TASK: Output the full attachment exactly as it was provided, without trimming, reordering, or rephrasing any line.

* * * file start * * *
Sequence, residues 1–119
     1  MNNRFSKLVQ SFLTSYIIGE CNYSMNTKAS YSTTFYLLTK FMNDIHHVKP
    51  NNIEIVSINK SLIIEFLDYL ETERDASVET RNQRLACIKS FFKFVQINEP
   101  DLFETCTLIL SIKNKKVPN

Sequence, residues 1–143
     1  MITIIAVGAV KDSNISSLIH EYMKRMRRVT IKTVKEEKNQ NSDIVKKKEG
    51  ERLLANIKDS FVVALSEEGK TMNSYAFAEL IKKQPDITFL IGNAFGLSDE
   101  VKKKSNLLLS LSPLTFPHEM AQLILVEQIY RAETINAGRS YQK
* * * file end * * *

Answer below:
Sequence, residues 1–119
     1  MNNRFSKLVQ SFLTSYIIGE CNYSMNTKAS YSTTFYLLTK FMNDIHHVKP
    51  NNIEIVSINK SLIIEFLDYL ETERDASVET RNQRLACIKS FFKFVQINEP
   101  DLFETCTLIL SIKNKKVPN

Sequence, residues 1–143
     1  MITIIAVGAV KDSNISSLIH EYMKRMRRVT IKTVKEEKNQ NSDIVKKKEG
    51  ERLLANIKDS FVVALSEEGK TMNSYAFAEL IKKQPDITFL IGNAFGLSDE
   101  VKKKSNLLLS LSPLTFPHEM AQLILVEQIY RAETINAGRS YQK